What is a Circular City?
The launch of the European Green Deal puts the concept of circular economy at the centre of efforts to transform the European Union into a fair and prosperous society, where economic growth is decoupled from resource use and environmental harm. In light of the socio-economic impact of the current crisis, the road to recovery is an opportunity to rethink the way we do things – to build back in a way that ensures a more resilient future. A systemic shift to a regenerative economic model is fundamental to achieving climate neutrality and keeping resource consumption within planetary boundaries. It requires citizen behaviour change and multilevel governance of the transition. Cities and regions have a central role to play in achieving this.
Why Circular Economy?
The environmental benefits – less emissions, improved health and liveability, the preservation of nature – of the circular economy have been well documented. Circular thinking can also lead to cost reductions, new revenue streams and more effective risk management. The Ellen MacArthur Foundation concludes that the transition to a circular economy can produce new business and economic opportunities and lead to a 4% rise in employment.
A CityLoops vision for a Circular City
"A circular city is one that promotes the transition from a linear to a circular economy in an integrated way across all its functions, in collaboration with citizens, businesses and the research community. It fosters business models and economic behaviour which decouple resource use from economic activity by maintaining value and utility of for as long as possible, in order to close material loops and minimise harmful resource use and waste generation. Through this transition, cities seek to improve human wellbeing, reduce emissions, protect and enhance biodiversity, and promote social inclusion, in line with the Sustainable Development Goals."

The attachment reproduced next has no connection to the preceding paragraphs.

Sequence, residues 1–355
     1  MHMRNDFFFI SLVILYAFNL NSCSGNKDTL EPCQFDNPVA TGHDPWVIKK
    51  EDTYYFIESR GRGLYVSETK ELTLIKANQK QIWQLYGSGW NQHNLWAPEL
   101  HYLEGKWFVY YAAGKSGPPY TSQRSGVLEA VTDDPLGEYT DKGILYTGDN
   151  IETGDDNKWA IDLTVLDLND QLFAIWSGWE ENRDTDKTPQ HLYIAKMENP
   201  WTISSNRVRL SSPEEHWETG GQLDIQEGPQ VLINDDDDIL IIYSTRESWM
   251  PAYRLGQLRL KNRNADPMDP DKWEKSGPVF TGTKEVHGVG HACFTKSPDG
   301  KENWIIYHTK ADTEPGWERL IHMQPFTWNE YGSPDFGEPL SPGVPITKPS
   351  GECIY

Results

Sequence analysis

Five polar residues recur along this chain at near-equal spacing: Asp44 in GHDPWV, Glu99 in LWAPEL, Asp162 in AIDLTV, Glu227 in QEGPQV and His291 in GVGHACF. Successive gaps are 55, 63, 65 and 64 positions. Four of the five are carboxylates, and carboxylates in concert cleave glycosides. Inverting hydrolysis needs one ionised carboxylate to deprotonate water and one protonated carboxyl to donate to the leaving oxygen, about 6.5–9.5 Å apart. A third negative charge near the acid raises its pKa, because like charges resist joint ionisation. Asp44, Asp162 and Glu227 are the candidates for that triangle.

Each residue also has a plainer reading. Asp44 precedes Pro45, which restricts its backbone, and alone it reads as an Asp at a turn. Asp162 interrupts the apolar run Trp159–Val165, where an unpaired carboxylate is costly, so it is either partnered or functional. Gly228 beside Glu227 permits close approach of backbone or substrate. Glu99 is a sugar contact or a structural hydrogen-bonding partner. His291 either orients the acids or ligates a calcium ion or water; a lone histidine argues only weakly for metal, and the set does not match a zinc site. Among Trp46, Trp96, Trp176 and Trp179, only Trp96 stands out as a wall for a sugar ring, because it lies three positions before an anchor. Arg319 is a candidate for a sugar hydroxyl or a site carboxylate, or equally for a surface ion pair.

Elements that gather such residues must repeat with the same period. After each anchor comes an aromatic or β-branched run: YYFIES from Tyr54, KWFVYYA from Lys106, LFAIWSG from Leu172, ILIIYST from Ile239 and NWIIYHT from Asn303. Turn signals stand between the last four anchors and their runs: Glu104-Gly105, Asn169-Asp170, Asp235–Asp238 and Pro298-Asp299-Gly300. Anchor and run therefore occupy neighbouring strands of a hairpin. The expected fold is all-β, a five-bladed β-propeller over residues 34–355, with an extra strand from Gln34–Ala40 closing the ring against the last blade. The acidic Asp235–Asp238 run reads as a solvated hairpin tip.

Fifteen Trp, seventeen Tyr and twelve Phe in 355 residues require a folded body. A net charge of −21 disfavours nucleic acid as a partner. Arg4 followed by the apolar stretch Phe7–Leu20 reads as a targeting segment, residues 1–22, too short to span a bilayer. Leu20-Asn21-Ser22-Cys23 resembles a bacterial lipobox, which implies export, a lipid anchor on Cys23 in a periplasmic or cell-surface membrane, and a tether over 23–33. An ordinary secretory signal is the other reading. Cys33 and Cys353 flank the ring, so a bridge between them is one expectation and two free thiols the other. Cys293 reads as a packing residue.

Cities are the largest consumers of energy and materials, but at the same time they offer an opportunity to manage resources better and efficiently. They are cradles of innovation and socio-economic transformation with an enormous potential to lead the transition to a circular economy. Local and regional governments manage a number of key sectors in urban areas, such as mobility and waste management, and are ultimately responsible for controlling land use and urban planning. Their public procurement and investment budgets can also play a key role in driving demand for circular products and services.
NATURAL RESOURCE CONSUMPTION OCCURING IN CITIES
Cities are the largest consumers of energy and materials
EUROPEANS LIVING IN CITIES
This number does not include suburbs and towns. All together, an estimated 70% of EU citizens lives in urbanised areas
GLOBAL WASTE COMING FROM CITIES
In the EU, this number is estimated to be even higher
Circular Economy in the EU
The European Union (EU), with 75% of its citizens living in urban areas, has seen the potential the circular economy can have for its cities and has made the Circular Economy Action Plan one of the cornerstones of the European Green Deal. This plan aims to promote circular economy processes, foster sustainable consumption and ensure that resources are kept within the EU economy for as long as possible. The plan has also identified which sectors have the highest potential for circularity. These include electronics and ICT, plastics, textiles, construction and buildings, water and nutrients, and food.